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Getting Distributed Generation Right

State regulators wrestle with distributed generation and the new grid.

EDITOR’S NOTE: Travis Kavulla, a Montana state utility regulator, recently assumed the presidency of the National Association of Regulatory Utility Commissioners. He recently talked with the Energy Times about major issues facing state regulators. This is the first part of a two-part series. Next up in the January 7 issue, “Addressing Carbon & Cybersecurity.”

ENERGY TIMES: What are your top priorities as the newly installed president of NARUC?

Travis Kavulla // Courtesy of NARUC

KAVULLA: Well one very practical item is the establishment of a subcommittee of commission staff members dedicated to rate design. It’s going to report to the executive committee, which is a relatively small body of commissioners, and it’s going to have a very concrete, practical purpose of creating a rate design manual for distributed energy resources. A lot has been written about this topic, but almost invariably the publications that are out there are self-serving.  They argue for the systematic overcompensation or under-compensation for distributed generation.  I hope NARUC can offer not really a single recipe for rate design but tentatively endorse several of the best ones for use.

ENERGY TIMES: Do you think that will speed deployment of distributed generation?

KAVULLA: Our goal is not to promote or discourage any technology.  We need an accurate price signal to be conveyed, and with that price signal people can do what they will.  Net metering is a tool of convenience for the pricing of distributed energy resources. But it doesn’t convey an accurate price signal to distributed generators. It is perhaps even more important because of an issue coming down the pike, because of litigation that’s in front of the US Supreme Court right now. It is possible that the states by next year will have to address the pricing not only of distributed generators that have traditionally been compensated under a regime of net metering, but also of demand response.  There’s probably more than a 50 percent likelihood that the Supreme Court will uphold the District of Columbia Circuit Court of Appeals ruling that essentially removes demand response as a direct participant in the organized wholesale markets. The states will have to figure out how to price this product on a retail basis.  There needs to be a good resource out there for the 30 or 40 states that don’t have the personnel and human resources of the New Yorks and Californias of the world but who nonetheless want to have  economically sound pricing established.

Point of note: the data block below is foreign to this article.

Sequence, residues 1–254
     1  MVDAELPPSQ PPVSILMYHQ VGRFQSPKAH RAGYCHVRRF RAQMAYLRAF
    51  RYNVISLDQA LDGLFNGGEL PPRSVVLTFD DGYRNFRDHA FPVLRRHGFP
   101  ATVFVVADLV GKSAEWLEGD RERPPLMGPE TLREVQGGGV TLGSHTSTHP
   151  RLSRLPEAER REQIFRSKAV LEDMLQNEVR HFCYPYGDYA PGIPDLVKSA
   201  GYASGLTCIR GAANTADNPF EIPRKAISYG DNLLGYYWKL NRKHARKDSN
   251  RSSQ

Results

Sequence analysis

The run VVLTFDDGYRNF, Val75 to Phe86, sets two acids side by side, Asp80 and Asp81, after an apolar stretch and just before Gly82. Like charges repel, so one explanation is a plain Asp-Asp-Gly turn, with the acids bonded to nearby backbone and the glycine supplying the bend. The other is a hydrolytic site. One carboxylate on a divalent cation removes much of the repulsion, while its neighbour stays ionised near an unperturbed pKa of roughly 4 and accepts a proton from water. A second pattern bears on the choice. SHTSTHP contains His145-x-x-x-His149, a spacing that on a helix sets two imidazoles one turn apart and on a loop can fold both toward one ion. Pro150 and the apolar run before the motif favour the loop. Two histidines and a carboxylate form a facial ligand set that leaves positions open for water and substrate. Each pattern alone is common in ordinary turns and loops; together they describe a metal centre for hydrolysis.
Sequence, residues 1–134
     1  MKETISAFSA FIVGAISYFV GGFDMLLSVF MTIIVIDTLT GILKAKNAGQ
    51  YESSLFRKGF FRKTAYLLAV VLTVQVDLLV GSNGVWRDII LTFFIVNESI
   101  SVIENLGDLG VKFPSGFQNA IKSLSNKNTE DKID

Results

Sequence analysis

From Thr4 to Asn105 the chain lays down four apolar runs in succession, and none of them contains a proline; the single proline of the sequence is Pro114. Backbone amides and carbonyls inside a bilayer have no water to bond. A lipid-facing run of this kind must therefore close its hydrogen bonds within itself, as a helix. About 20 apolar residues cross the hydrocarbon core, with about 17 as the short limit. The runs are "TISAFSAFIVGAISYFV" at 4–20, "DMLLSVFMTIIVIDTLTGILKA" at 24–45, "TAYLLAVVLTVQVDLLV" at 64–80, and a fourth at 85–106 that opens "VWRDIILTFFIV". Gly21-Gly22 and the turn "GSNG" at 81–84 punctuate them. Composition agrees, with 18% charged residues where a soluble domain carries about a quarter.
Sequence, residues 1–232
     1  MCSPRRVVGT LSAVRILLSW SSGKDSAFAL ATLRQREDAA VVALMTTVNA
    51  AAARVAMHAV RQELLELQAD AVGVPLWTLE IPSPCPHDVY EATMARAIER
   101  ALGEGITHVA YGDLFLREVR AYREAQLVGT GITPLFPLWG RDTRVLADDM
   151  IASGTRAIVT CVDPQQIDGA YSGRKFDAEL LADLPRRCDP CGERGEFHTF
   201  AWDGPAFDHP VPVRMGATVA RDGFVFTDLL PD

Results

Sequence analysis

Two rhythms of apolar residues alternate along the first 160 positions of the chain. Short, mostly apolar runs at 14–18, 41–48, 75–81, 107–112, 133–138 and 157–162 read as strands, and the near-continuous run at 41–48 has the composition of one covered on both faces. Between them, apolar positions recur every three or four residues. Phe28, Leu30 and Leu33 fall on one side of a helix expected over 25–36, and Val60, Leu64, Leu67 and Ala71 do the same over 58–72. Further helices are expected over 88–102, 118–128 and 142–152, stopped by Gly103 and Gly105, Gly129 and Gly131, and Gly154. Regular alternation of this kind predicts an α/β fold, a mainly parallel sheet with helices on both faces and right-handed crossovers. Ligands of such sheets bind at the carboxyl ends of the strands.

ENERGY TIMES: So do you think that demand response might just go away as a tool?

KAVULLA: I hope not.  That would be crazy if it went away.  But the unfortunate reality to some degree is that the manner in which it is used in the organized wholesale market is under threat.  Ironically, it’s a vindication of states' jurisdiction on a matter where most states were not asking for this power.  But if the court finds that demand response transactions are the province of retail markets, states need to figure out how to price it.  I don’t think it’ll go away.






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